In early 2005 I started working on a project to document the natural history of Wanuskewin Heritage Park near Saskatoon. These images will be used in an upcoming book about the park.
See the photo gallery with sample images from this project.
Wanuskewin Heritage Park is a National Historic Site located 5 km north of Saskatoon, Saskatchewan. The park hosts 19 archaeological sites harbouring pre-contact cultural elements created by the Northern Plains People. These include summer and winter camp sites, several tipi rings, bison driving lanes and jumps, and a well preserved medicine wheel (a cairn or rock pile surrounded by a circle of small stones) of special religious significance to Native peoples. An interpretive centre built in the shape of a large tipi was designed to reflect cultural values of the nomadic tribes who inhabited this area over a period of several thousand years. The centre has a very nice museum, an art gallery with rotating exhibits, a gift shop, and a restaurant offering traditional foods such as bison stew and bannock. Outdoor amphitheatre and activity areas are used for dance demonstrations, theatre plays and storytelling. Numerous interpretive programs are presented throughout the year.
The area’s natural beauty continues to attract visitors. On its 320 acres, the park features a wide variety of scenic landscapes. A meandering network of trails leads the visitor to a diverse collection of natural areas and archaeological sites. There are over 6 km of well marked trails with interpretive signs, rest stops and great viewpoints.
The Opimihaw Creek (formerly known as Tipperary Creek) bisects the park in the north-south direction, while the eroding action of the South Saskatchewan River forms steep cliffs along the south edge called Cathedral Peak. A rest stop on the east end of the 1.3 km long Trail of the Buffalo provides a magnificent view of the valley below. Coulees extend into the uplands from the two river valleys, creating diverse and picturesque landscapes.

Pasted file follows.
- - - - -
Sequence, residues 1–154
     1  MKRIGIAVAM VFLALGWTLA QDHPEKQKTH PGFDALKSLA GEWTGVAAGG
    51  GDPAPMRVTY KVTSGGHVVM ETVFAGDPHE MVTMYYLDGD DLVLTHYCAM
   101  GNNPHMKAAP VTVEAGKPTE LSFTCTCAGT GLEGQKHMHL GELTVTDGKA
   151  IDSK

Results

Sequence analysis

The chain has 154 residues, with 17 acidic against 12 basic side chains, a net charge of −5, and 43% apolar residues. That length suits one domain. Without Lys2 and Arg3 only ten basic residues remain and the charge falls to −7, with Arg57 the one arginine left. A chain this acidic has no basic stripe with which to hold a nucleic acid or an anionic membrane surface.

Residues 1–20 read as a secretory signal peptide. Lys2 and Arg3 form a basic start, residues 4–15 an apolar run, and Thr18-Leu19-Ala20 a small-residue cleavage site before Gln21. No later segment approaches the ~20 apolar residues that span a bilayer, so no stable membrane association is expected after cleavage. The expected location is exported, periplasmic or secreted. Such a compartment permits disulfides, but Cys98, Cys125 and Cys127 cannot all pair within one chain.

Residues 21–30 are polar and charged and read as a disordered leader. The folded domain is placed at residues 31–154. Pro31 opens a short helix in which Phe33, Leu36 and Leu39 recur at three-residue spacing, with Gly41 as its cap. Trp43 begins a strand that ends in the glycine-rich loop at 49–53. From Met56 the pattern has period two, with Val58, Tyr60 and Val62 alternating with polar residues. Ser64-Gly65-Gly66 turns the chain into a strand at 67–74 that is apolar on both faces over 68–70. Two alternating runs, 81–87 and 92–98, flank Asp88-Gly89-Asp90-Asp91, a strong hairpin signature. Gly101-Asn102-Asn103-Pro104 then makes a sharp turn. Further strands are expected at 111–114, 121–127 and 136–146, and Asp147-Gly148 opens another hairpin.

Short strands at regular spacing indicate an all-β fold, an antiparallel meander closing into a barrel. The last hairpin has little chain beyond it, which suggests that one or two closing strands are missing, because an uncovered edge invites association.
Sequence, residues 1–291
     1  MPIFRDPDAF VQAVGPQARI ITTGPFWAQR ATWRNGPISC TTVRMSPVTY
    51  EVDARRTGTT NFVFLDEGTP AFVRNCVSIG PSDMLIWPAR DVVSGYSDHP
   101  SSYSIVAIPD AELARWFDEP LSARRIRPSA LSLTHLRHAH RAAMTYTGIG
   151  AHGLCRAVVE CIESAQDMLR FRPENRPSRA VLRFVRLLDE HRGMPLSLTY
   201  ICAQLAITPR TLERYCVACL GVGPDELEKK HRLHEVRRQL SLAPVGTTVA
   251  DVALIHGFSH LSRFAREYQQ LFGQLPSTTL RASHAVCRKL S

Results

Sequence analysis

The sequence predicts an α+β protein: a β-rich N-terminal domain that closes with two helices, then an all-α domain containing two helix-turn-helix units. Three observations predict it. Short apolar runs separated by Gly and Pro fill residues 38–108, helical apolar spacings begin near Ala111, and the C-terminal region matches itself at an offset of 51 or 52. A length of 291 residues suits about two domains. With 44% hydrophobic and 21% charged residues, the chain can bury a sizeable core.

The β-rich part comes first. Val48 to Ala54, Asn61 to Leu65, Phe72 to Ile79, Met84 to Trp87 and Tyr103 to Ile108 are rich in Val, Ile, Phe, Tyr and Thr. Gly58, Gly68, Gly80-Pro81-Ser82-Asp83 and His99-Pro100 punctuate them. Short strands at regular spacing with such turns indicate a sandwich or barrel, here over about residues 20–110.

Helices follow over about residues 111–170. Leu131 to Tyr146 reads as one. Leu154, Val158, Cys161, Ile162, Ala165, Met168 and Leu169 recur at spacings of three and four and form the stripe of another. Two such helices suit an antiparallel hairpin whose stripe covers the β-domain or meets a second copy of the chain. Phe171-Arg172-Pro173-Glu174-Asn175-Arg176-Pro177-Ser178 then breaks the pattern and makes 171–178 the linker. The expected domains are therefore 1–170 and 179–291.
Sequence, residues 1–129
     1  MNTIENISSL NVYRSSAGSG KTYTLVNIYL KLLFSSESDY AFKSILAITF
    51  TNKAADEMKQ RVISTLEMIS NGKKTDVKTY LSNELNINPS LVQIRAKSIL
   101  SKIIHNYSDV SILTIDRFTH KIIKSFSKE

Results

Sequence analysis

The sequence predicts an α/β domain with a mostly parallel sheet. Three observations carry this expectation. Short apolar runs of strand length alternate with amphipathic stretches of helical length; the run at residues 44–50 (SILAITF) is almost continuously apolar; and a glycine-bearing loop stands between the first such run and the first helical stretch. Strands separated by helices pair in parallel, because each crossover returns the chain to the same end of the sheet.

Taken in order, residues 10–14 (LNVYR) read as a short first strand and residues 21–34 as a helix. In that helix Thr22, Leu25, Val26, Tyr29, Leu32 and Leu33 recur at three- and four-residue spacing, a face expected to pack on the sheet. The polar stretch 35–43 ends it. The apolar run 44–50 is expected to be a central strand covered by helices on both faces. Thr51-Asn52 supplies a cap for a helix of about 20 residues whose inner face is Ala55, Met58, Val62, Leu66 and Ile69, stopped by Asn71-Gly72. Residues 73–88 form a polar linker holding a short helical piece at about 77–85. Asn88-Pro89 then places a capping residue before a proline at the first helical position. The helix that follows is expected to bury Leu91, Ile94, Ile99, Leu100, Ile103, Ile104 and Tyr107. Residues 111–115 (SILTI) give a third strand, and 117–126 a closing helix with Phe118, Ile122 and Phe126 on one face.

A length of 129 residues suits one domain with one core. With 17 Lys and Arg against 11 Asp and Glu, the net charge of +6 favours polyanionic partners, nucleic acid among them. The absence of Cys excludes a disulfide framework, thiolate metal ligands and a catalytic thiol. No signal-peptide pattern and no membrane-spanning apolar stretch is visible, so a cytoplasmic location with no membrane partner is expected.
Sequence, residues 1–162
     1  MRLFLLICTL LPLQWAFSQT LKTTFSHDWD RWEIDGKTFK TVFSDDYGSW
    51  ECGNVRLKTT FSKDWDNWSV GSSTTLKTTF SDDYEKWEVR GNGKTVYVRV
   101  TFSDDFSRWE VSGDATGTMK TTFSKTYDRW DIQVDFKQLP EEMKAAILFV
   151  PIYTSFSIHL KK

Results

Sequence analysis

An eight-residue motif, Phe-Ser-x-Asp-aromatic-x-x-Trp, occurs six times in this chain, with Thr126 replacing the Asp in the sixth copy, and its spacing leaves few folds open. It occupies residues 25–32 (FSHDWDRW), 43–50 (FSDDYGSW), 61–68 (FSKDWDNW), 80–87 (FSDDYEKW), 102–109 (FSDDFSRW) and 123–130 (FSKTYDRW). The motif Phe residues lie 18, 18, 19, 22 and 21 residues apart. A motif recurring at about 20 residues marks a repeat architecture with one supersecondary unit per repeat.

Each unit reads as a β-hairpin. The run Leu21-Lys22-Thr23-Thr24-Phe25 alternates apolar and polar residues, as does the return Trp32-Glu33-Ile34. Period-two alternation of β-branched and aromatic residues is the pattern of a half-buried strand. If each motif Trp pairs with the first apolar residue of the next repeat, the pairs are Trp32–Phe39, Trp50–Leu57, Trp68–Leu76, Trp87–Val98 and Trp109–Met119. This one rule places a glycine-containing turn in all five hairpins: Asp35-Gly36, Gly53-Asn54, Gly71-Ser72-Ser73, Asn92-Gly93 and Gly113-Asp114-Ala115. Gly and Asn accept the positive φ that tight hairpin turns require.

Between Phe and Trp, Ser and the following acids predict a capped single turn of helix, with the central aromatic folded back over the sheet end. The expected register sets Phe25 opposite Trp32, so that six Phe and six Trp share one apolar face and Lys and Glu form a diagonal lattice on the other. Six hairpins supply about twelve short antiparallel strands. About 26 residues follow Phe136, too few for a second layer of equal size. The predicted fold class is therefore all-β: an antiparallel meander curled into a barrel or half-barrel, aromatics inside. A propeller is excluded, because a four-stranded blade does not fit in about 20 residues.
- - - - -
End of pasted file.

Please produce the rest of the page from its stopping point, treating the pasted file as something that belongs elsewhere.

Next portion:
Prairie uplands make up most of the park; about half of this area was under agricultural production. The undisturbed upland meadows represent a good example of Mixed Grass Prairie with abundant spear grass, blue gramma, and wheat grass. Interspersed patches of shrubs add to the variety. The valley slopes along Opimihaw Creek support patches of forest vegetation, with balsam poplar, green ash, Manitoba maple, trembling aspen and birch. Here one can find well developed shrub stands of choke cherry, rose, snowberry, and saskatoon berry. This is the best area to find a multitude of migrating and nesting songbirds.
In the absence of livestock grazing since the mid 1980s, the terrace along the Opimihaw Creek is slowly reverting from a savannah-type landscape to a sparse forest of choke cherry and balsam poplar. The springs and several active beaver dams create a small but very rich wetland habitat along the creek, with cattail, willow and cottonwood trees. This is an excellent area for waterfowl viewing and photography. Dense forest along the banks of the South Saskatchewan River provides good nesting habitat for raptors such as hawks and owls. White-tailed deer are abundant in the park. Although coyotes, badgers, and red foxes were reported in the area, I was not lucky enough to see one.
Directions to the Wanuskewin Heritage Park: go north from Saskatoon on Warman Road (called Wanuskewin Rd. north of 51st Street), drive past a chemical plant, turn right (east) on Penner Road – look for bison signs – and continue a short drive to the park entrance on your right.
Or take Highway #11 north of Saskatoon and look for the bison signs about 5 km from city limits. Be aware that the park gates are locked 9 p.m. – 9 a.m. from Victoria Day to Labour Day, 5 p.m. – 9 a.m. the rest of the year. Plan your early morning and late afternoon photography accordingly.
Visit the park’s web site for more information about program and events (external link).